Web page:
The Clintons' ongoing donor mess: A new Clinton Foundation memo reveals more ethical problems

The same fundraisers who solicited Clinton Foundation money also drummed up business for the ex-president

Published October 27, 2016 7:21PM (EDT)


Great news, everyone. It’s time for another fascinating journey to that vast, undefined space of political and ethical uncertainty known as the Clinton Gray Area.

Thursday's trip was made possible by WikiLeaks, which released a 2011 memo written by Bill Clinton aide Doug Band regarding his consulting firm’s aggressive maneuvers to direct corporate money to the Clinton Foundation and the former president himself.

As The Washington Post reported, Band boasted in the memo that his firm, Teneo, successfully persuaded corporate entities to increase their levels of giving to the charity and throw some business Bill Clinton’s way in the form of highly paid speaking gigs and lucrative sinecures.

So, once again, the Clinton Foundation’s fundraising practices have churned up some politically fraught news coverage and questions about the ethical standards put in place for the former president’s global philanthropy.

In August, the foundation announced that should Hillary Clinton win the presidency, it will cease accepting foreign and corporate donations and spin off the majority of its projects to other charities. That was a good first step toward preventing conflicts of interest and also a recognition that the charity’s fundraising practices pose political and ethical problems for the Clintons.

Now comes this Doug Band memo, detailing the ways in which Bill Clinton’s personal financial endeavors were intertwined with his charity’s fundraising efforts. That memo was written shortly before Chelsea Clinton voiced complaints that Band and his associates were misusing her father’s name and influence to drum up business for themselves overseas.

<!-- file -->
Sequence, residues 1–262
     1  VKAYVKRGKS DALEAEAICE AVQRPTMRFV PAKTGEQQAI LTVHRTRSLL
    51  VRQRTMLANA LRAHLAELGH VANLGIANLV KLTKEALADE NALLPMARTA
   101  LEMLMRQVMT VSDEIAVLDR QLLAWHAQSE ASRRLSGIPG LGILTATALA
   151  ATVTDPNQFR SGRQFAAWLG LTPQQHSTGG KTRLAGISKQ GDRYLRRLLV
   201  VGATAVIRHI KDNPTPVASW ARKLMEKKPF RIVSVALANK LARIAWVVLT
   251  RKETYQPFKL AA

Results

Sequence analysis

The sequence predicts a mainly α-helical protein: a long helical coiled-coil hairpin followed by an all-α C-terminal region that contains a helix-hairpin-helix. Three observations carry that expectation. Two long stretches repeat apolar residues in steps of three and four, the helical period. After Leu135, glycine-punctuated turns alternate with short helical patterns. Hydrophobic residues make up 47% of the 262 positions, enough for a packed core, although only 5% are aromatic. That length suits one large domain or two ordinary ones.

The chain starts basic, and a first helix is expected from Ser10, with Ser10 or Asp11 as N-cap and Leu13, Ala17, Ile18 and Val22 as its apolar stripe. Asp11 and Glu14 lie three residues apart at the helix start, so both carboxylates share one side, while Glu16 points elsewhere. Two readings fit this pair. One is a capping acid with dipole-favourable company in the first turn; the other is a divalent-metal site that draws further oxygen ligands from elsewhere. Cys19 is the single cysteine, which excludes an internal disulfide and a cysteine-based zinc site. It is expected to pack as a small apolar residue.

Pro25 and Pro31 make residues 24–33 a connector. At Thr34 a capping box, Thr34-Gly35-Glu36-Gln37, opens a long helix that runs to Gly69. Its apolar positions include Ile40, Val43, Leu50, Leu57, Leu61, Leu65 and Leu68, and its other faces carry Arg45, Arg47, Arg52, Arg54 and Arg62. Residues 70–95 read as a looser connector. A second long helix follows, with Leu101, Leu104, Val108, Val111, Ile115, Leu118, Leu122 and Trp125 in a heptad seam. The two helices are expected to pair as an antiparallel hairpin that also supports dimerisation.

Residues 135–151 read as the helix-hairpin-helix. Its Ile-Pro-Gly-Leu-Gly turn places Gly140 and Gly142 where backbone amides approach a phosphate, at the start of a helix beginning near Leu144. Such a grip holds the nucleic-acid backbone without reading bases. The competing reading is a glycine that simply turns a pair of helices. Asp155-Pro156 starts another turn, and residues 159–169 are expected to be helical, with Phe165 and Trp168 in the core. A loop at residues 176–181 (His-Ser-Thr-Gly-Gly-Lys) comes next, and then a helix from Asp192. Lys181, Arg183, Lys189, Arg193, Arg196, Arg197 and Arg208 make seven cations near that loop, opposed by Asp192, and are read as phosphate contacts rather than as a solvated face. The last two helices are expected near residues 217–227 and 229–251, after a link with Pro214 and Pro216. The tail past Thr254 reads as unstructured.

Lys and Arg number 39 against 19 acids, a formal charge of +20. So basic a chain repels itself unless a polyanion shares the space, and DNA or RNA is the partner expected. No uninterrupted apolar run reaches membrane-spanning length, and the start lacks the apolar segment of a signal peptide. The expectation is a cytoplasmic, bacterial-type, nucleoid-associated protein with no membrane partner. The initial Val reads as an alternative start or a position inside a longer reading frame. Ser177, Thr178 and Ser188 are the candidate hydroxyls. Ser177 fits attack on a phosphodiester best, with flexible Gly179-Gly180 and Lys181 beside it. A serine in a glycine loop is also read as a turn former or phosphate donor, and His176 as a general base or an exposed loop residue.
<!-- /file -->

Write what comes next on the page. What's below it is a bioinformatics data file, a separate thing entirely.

It turns out Chelsea was right to be wary of Band. The memo was basically a how-to guide for leveraging a former president’s profile into financial gain with as little ethical oversight as possible. It ran down the various corporate entities that Teneo had convinced to start donating (or increase their existing financial support) to the Clinton Foundation. Then the memo laid out the “For-profit activity of President Clinton (i.e., Bill Clinton, Inc.)” that Teneo has managed, detailing the many ways in which Clinton's remunerative affairs overlapped with the fundraising activities that Teneo conducted on behalf of the nonprofit Clinton Foundation.

The example that stood out for me concerned UBS. Per the memo, a Teneo representative introduced a top official from the financial services firm to Bill Clinton and then convinced that UBS official to donate $350,000 to a Clinton Foundation economic opportunity program. That same Teneo representative also floated the idea of Clinton giving a series of speeches for UBS, for which the former president would be paid $900,000.

Let’s set aside the absurdity of any human being receiving close to a million dollars for a handful of public speaking engagements. It does not look good when you have a charitable foundation’s fundraising consultants out there beating the bushes for business opportunities for the organization’s principal figure.

Band himself described this arrangement as “unorthodox” in the memo and seemed to acknowledge the possibility that Teneo's activities could bump up against tax laws governing charitable nonprofits: “We appreciate the unorthodox nature of our roles, and the goal of seeking ways to ensure we are implementing best practices to protect the 501(c)3 status of the Foundation.”

Charity work is supposed to be kept strictly separate from the business and personal financial interests of the people directly involved with the charity. Republican presidential nominee Donald Trump is in hot water with New York state regulators because he allegedly used charitable funds for personal gain: settling legal disputes, purchasing artwork, etc. Bill Clinton isn’t accused of doing anything like that, but documents like the Band memo make it impossible to completely separate the Clinton Foundation’s charitable activities from the Clintons’ personal finances.

That’s a perception problem, which the Clintons — as political figures and philanthropists — should have been going to every length to avoid. And it’s one of many other ethical gray areas that seem to persistently crop up regarding the Clinton Foundation.

By Simon Maloy

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